• Open each file.
  • If we find a line containing "free(.*)" record the line and the thing that was freed.
  • The next time we find a return look to see if the return value uses the thing that was free'd.
    • If so that's a possible bug. Report it.

Of course my code is nasty, but it looked like it immediately paid off. I found this snippet of code in linux-5.2.8/drivers/media/pci/tw68/tw68-video.c:

    if (hdl->error) {
        v4l2_ctrl_handler_free(hdl);
        return hdl->error;
    }

That looks promising:

  • The structure hdl is freed, via a dedicated freeing-function.
  • But then we return the member error from it.

Chasing down the code I found that linux-5.2.8/drivers/media/v4l2-core/v4l2-ctrls.c contains the code for the v4l2_ctrl_handler_free call and while it doesn't actually free the structure - just some members - it does reset the contents of hdl->error to zero.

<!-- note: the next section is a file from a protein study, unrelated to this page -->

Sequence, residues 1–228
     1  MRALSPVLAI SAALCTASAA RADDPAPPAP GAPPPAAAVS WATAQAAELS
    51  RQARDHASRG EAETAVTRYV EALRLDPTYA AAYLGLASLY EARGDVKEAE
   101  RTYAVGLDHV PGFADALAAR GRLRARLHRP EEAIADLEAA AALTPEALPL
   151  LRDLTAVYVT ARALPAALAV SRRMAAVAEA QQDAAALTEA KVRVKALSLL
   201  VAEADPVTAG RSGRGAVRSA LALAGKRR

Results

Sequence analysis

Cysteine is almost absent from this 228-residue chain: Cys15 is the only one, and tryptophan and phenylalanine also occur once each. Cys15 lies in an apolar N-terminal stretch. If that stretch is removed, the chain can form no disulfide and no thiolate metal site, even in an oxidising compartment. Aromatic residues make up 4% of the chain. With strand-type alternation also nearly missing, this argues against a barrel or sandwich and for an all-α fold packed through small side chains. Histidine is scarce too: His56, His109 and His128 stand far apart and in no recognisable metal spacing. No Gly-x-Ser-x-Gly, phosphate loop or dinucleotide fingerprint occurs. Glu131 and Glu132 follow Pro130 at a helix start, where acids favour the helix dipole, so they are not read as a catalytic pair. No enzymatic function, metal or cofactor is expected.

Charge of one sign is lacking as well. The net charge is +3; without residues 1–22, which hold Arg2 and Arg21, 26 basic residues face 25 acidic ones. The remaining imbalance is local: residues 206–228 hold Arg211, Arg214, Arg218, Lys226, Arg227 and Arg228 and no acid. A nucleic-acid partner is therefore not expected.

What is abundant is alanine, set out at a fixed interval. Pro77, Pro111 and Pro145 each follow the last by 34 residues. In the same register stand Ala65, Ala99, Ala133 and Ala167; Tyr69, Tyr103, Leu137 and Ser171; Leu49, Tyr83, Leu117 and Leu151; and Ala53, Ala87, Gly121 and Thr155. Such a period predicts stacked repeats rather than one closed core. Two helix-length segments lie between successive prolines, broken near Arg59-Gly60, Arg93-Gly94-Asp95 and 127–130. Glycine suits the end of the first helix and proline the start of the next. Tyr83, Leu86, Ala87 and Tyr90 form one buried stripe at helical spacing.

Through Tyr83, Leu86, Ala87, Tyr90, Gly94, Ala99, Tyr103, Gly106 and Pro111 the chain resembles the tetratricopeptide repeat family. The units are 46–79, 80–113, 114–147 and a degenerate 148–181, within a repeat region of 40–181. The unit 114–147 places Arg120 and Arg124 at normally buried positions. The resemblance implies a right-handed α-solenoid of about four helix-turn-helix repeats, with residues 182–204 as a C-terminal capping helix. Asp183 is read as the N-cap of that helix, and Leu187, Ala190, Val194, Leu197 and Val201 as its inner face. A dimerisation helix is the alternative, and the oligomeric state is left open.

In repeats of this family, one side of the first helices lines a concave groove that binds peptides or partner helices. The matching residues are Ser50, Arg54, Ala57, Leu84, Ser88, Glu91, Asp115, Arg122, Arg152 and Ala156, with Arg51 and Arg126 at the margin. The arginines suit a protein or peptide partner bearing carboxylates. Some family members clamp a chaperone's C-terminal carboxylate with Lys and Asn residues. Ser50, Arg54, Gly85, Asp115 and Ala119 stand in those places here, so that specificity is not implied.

Ahah! The code I've found looks for an error, and if it was found returns zero, meaning the error is lost. I can fix it, by changing to this:

    if (hdl->error) {
        int err = hdl->error;
        v4l2_ctrl_handler_free(hdl);
        return err;
    }

I did that. Then looked more closely to see if I was missing something. The code I've found lives in the function tw68_video_init1, that function is called only once, and the return value is ignored!

So, that's the story of how I scanned the Linux kernel for use-after-free bugs and contributed nothing to anybody.

Still fun though.

I'll go over my list more carefully later, but nothing else jumped out as being immediately bad.